Atomica Gallery Showing: Fauxmance by Jack Pearce

May 21, 2015

Not long ago we wrote about Synthetic Suburbia show at Roberts & Tilton Gallery in California featuring latest works by the famous Ed Templeton (the show is on view until May 30th). In that article we wrote about Templeton’s art that is inherently linked with the skate community he is a part of.  It is similar to the amazing young British artist Jack Pearce who is about to have an exhibition at Atomica Gallery in London. Jack Pearce is also a member of the skate community and his art is largely influenced by skate culture and the ethics and spirit it has encouraged. In 2013, during the first Pearce’s show at Atomica Gallery, Templeton visited the exhibition, and commissioned the young British artist to produce a board graphic for his company Toy Machine due to be released by the end of May. But, before that, be sure to visit the amazing exhibition at Atomica Gallery in London featuring the latest works by Jack Pearce (speaking of London’s galleries, be sure to check out our article about 10 galleries in London you have to visit). The show is entitled Fauxmance.

Atomica Gallery
Left: Jack Pearce - Bygones / Right: Jack Pearce - Leanback

Jack Pearce's Art Style

Jack Pearce, a young British artist, grew up heavily influenced by skate culture. Skateboarding didn’t affect just his private life, but his art as well. Many would ask what is it so special about art and skateboarding, because the artists who are members of skateboard communities don’t always represent skateboards and skate items in their art (if you like skateboarding and art, check out the work by Matt Reilly or by Hiroshi. Also, be sure to check out our exclusive interview with Shepard Fairey, who also comes from skateboarding culture). However skate culture as a movement has specific ethics and spirit, encouraging free-thinking artists to create art based on perspective of skateboarders – who are usually detached from imposed norms and rules. And this (free-thinking) is precisely visible in the art of Jack Pearce, and particularly in the new series of works – Fauxmance – which is the name of the exhibition at Atomica Gallery in London. Moving away from the skateboard subjects depicted in his former work, Pearce’s new Fauxmance figures have a much more androgynous quality. Physically entangled and seemingly united by a sense of joyful abandon, on closer inspection there are more complex and menacing dynamics at play.

Atomica Gallery
Jack Pearce - Threes A Crowd (detail)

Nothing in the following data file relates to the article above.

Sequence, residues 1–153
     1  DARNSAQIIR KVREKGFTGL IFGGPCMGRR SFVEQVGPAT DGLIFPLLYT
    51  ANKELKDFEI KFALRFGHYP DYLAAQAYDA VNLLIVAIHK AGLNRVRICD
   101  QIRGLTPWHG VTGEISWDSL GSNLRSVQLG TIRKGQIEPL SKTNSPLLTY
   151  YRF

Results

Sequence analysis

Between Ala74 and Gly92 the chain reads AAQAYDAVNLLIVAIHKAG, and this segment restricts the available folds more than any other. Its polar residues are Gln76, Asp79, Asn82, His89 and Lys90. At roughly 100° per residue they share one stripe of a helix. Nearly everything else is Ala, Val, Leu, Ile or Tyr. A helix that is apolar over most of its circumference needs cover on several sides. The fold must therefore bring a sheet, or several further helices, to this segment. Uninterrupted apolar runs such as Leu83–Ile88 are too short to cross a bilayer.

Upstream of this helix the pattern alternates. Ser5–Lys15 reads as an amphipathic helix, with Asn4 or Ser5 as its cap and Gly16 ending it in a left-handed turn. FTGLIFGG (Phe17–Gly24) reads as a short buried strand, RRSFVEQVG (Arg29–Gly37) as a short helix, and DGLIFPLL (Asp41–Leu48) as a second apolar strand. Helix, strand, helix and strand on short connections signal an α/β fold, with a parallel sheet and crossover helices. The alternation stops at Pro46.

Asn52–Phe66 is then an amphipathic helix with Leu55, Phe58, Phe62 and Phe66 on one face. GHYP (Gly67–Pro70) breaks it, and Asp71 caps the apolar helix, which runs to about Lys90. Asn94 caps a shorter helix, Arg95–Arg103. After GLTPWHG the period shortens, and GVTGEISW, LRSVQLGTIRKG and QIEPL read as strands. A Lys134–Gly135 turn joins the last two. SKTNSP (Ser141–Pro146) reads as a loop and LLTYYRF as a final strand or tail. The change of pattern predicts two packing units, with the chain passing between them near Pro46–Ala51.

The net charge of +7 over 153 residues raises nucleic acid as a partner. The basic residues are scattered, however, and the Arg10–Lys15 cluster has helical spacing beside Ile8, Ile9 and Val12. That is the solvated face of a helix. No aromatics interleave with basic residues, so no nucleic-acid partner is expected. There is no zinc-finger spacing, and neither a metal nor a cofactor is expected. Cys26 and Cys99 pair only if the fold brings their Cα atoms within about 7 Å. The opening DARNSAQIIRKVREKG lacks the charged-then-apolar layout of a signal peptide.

Pearce's Joyful Tribe

Jack Pearce’s Fauxmance tribe members are frequently connected by antiquated motifs that are reminiscent of traditional native dress, including their armor-like costumes and hats. Combining popular contemporary culture and old traditions is an underlying hallmark of Pearce’s work and his characters appear both modern and rooted in ancient traditions. The liveliness of the tribe, juxtaposed by artists's impeccably executed technique, brings a satisfying uniformity to the collection that reflects the artist’s overall brilliance. It is interesting to note that it is impossible to determine the gender of the figures. As the artist himself admits, this is done on purpose (using characters of indeterminate genders) in order to avoid making any stereotypical assumptions, but rather to look at the way society as a whole handles unclear etiquette.

Atomica Gallery
Left: Jack Pearce - Pushkick / Right: Jack Pearce - Morean

Atomica Gallery Showing: Fauxmance by Jack Pearce

Fauxmance is the second solo exhibition by the young British artist and illustrator Jack Pearce with Atomica Gallery in London. The Fauxmance exhibition follows Pearce’s debut solo exhibition Bromance at the gallery in 2013, and marks a visible development in the artist’s work, both in subject matter and technique. This show is a must-see event for all art lovers from London. The exhibition entitled Fauxmance will be on view from May 22nd until June 6th at Atomica Gallery in London.

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Featured Image: Jack Pearce - Pushkick (detail)

All Images courtesy of Atomica Gallery.

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